No one doubts that the study of any physical phenomenon should be based on observational data where possible. But let us imagine that there are no such data, or not enough of them. What to do then? Of course, one can always put off the solution of the problem in hand until better times when the volume of empirical information will be sufficient and conclusions following its analysis will obtain credit. But what if we cannot afford the luxury of carrying out costly field measurements, or the time scale of phenomena to be examined is great (say, comparable with the duration of one generation or even the whole of humanity)? Finally, what should we do if the results of the phenomenon that we need to know are not permissible in principle (for example, in the case where there is a problem of clarifying the consequences of a nuclear conflict)? In such situations there is only one answer - to use mathematical models of the phenomena to be investigated.
Mathematical models of the climatic system represent the complex of hydrothermodynamic equations describing the state of separate subsystems complemented by proper initial and boundary conditions and parametriza-tions for those physical processes which, whether owing to imperfections in our knowledge, or owing to the limitations of available technical and economical means, or both of these, cannot be solved explicitly. All the current models of the climatic system are divided into analytical and numerical, into deterministic and stochastic, into hydrothermodynamic and thermodynamic (energy balance), into zero-dimensional, 0.5-dimensional (box), one-dimensional, two-dimensional (including zonal) and three-dimensional. This, as any other, classification is conventional to a certain extent. Its purpose is only to classify models by method of solution (analytical and numerical), by whether an ensemble of climatic system states are taken into account or not (stochastic and deterministic), by the way of reproducing the ordered large-scale circulation (immediately, in hydrothermodynamical models, and in parametrized form, in thermodynamical ones), and, finally, by the number of independent variables - spatial coordinates (zero-dimensional, 0.5-dimensional, etc., models).
We explain in more detail the principle of model division into deterministic and stochastic. As has already been mentioned (see Section 1.2), the climatic system has an extremely wide spectrum of time scales from a fraction of a second, for turbulence, to hundreds of millions of years for the cyclic reorganization of convective motions in the Earth's mantle and for continental drift. Now there is no one acceptable model that can simulate this diversity of temporal variability of the climatic system and take into account the real geography of continents and oceans. Apparently, there will be no such model in the near future. We should take this into consideration and compromise by reducing the range of time scales studied or replacing a direct description of processes which cannot be resolved by a parametric one. This is precisely what happens in short-term processes. As for long-term processes, their determining parameters are usually fixed. This last circumstance can lead to distortion in the response of slow inertial links of the climatic system to external forcing.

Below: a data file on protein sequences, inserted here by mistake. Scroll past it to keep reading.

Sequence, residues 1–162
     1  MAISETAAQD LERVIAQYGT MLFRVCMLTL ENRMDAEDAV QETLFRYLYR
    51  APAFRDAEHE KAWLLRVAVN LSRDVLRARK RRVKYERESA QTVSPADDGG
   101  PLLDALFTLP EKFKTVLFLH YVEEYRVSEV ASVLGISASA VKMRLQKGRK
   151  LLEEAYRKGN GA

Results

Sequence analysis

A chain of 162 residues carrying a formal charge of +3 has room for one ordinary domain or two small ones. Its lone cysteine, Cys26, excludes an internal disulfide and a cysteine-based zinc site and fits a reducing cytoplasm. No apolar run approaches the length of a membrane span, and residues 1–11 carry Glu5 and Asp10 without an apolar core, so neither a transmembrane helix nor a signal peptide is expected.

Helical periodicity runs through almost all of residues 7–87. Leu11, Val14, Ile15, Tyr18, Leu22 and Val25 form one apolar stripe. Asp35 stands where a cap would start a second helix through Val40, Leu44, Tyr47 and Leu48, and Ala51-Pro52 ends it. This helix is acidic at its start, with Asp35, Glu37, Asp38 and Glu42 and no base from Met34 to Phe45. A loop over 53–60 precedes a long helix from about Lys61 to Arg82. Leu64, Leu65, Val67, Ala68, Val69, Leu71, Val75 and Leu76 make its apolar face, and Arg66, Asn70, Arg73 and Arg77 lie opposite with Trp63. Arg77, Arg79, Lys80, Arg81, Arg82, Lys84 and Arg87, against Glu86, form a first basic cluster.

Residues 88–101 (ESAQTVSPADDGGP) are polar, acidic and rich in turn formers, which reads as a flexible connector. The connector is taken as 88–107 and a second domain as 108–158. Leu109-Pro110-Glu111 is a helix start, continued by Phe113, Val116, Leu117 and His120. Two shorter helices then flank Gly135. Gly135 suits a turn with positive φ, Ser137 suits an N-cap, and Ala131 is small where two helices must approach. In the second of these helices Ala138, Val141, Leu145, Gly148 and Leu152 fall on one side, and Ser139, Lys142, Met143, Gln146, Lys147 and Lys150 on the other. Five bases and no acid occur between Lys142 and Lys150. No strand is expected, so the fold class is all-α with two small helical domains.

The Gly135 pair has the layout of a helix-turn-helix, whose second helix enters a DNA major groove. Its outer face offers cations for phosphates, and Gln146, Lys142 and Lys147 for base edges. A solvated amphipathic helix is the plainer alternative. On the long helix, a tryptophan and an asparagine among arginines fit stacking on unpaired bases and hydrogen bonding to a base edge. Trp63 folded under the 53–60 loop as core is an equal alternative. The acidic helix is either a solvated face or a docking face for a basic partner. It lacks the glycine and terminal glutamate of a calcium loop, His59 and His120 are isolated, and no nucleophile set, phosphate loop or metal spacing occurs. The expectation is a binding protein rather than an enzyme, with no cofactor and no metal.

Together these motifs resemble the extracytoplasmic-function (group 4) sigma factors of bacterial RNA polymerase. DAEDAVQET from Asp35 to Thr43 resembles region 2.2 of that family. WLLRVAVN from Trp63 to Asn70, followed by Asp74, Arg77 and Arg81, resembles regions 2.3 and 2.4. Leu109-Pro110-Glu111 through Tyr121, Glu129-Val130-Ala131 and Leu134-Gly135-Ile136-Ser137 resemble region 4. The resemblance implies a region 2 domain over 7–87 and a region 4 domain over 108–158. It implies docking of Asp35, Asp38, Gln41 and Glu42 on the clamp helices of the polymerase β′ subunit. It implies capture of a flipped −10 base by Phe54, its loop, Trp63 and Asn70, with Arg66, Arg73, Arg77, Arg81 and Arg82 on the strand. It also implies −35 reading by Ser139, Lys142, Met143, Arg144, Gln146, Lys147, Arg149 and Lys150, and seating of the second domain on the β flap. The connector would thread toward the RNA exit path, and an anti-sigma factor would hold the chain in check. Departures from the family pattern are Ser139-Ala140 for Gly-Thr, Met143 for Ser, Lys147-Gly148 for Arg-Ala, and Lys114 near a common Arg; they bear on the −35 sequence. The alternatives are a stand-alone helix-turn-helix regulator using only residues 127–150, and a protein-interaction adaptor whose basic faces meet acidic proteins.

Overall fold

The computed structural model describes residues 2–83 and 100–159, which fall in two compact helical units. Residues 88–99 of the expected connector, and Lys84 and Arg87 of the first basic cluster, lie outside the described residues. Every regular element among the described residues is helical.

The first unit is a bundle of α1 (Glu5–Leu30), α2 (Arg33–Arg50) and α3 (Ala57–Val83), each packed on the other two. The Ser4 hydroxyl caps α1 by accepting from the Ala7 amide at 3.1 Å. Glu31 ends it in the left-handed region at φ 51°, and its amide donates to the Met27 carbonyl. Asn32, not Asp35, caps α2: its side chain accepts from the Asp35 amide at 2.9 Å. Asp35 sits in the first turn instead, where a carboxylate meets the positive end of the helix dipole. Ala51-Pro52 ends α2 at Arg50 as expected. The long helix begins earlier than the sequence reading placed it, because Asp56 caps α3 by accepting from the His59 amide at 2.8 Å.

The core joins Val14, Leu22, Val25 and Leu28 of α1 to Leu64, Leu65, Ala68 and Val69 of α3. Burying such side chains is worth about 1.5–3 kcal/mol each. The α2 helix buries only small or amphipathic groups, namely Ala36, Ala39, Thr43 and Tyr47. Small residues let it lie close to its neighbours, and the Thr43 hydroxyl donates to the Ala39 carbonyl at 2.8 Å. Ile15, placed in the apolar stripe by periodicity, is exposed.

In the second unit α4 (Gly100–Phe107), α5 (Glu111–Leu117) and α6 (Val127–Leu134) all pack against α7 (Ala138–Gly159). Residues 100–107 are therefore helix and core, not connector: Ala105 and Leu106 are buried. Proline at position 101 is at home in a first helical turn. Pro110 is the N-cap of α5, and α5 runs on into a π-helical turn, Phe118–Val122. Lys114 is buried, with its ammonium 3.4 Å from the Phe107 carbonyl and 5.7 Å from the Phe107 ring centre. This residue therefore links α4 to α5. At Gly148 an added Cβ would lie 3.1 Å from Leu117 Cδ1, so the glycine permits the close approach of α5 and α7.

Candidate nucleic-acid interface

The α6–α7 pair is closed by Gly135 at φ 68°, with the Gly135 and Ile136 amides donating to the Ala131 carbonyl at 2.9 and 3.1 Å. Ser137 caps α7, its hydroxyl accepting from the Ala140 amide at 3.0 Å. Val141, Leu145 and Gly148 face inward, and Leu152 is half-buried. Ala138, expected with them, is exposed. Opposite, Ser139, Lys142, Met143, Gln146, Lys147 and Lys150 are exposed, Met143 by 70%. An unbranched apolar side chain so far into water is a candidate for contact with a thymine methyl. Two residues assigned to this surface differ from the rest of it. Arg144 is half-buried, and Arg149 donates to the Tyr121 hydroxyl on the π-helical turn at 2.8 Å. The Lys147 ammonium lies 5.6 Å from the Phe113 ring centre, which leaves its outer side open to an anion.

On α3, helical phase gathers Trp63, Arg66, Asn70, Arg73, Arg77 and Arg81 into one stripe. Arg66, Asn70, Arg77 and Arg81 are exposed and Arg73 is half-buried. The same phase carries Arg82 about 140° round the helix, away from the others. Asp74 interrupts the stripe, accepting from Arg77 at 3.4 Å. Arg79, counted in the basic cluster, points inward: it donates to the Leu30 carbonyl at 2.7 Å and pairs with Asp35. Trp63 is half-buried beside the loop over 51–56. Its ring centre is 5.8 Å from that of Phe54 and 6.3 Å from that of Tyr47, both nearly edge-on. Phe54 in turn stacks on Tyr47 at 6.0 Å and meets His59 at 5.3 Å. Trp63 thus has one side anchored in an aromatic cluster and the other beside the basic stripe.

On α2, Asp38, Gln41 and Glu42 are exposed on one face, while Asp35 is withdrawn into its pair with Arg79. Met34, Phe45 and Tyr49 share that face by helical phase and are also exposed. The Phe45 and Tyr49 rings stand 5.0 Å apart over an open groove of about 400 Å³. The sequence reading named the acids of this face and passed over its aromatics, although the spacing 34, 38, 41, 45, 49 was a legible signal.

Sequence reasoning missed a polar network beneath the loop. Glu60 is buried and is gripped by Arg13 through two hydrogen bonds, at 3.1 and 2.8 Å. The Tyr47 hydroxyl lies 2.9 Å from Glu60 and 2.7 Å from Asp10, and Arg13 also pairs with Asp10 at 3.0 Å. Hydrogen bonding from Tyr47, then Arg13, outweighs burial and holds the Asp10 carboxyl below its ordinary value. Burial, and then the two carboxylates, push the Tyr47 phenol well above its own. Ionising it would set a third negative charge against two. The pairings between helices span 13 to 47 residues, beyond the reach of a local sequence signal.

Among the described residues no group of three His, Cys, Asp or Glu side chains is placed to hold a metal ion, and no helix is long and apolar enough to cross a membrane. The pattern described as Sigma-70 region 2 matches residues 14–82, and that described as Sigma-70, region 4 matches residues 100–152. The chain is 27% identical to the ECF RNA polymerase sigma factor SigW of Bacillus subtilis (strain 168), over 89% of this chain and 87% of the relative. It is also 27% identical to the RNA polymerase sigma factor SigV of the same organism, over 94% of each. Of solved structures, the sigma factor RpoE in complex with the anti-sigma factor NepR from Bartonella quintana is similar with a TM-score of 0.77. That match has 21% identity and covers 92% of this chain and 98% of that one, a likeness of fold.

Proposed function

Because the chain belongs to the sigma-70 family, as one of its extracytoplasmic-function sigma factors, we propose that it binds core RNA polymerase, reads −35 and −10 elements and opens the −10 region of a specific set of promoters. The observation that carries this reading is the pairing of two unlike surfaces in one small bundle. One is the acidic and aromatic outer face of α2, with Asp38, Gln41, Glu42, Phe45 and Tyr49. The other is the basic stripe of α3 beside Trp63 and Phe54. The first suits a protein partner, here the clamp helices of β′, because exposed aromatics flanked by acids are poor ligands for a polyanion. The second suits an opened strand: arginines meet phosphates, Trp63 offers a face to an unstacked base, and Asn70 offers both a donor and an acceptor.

But when rejecting the fixing of parameters of inertial links of the climatic system it not only creates the problem of closure, similarly to that in turbulence theory, but also leads to the appearance of additional terms in model equations that describe random disturbances. Let x = (x,) be a vector of a fast component state, and y = (y,) be a vector of a slow component state of the climatic system (say, the atmosphere and the ocean), and the first one of them is specified by the typical time scale t0x, the second by t0y connected with t0x by the inequality t0x « t0y. The latter means that in the spectrum of climatic variability the fast and slow components are separated relative to each other. In this case the evolution of the climatic set can be described by the following set of equations:
where f¡ and g¡ are known non-linear functions of x and y.
We consider the evolution of the climatic system on time scales t»t0x. It is natural in this case to attempt to reduce the set (5.1.1) and (5.1.2) to one equation for the slow variable y, averaging Equation (5.1.2) in time
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